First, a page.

RE: [OPE] Question to Marxologists: Mode of production

From: Paul Cockshott (
Date: Sun Aug 31 2008 - 18:00:29 EDT

PS: please note also that my post highlighted more than simply
the presence or absence of keys in tractors. Surely you are 
aware that one of the most dangerous occupations in advanced
capitalist nations is agricultural labor. Did it not occur to you that
this is to a great degree a consequence of a particular design of 
farm technologies which are dangerous to agricultural workers?

This may have been in the back of your mind but you never
mentioned it.

You should not attribute all dangers to relations of prodution.
If people have to struggle with a recalcitrant nature, applying
large quantities of force in the process, then this is like to be
a more dangerous activity than clerical work for example.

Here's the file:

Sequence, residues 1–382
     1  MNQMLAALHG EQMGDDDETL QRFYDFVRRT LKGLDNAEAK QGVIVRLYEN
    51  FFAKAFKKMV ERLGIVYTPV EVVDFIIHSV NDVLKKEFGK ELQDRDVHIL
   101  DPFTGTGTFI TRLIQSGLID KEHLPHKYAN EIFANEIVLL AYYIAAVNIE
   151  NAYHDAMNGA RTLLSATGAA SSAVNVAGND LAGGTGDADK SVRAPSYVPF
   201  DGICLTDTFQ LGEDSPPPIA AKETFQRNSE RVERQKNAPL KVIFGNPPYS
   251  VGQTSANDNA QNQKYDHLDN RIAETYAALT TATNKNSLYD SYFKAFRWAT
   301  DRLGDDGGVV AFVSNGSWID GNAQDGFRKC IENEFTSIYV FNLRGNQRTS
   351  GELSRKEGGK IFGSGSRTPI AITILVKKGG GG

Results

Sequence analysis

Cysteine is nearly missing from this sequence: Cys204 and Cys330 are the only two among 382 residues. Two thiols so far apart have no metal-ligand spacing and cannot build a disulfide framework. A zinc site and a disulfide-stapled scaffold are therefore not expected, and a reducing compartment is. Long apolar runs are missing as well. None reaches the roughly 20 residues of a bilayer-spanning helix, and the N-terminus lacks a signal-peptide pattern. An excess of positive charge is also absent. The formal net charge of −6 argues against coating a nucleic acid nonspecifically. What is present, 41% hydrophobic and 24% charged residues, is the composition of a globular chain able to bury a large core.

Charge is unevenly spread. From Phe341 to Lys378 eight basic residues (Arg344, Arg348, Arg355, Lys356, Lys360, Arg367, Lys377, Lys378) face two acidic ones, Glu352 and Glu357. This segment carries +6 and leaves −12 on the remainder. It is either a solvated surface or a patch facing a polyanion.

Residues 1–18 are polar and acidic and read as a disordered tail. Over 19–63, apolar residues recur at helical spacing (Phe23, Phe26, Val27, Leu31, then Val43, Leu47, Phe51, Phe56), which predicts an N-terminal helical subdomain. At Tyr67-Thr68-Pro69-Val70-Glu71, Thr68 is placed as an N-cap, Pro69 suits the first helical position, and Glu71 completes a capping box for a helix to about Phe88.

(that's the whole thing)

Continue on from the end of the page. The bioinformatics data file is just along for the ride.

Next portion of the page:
Being a deep sea fisherman is going to be a relatively more 
dangerous than being a schoolteacher whatever the social relations.


The farm technologies which will be utilized by workers in a
socialist society will be designed by workers with their welfare in 
mind and not simply or only to increase the productivity of labor.

This seems to have an element of wishful thinking to it. Whether
what you say is right depends on how rich the socialist country is.
A wealthy socialist country with a high productivity of labour 
could built more expensive and safer tractors than one 
in the early stages of industrialisation.

Conversely, the safety standards of modern west european tractors
are much higher than those available in the 1930s, even though
we are talking of capitalist countries in both cases.

Mere social wealth, measured in labour productivity, is going to be 
as big a constraint on safety as the social relations. At equal
levels of labour productivity one would expect that a socialist 
country would have safer equipment, but if there is a big difference
in wealth, one can not assume this would be true.

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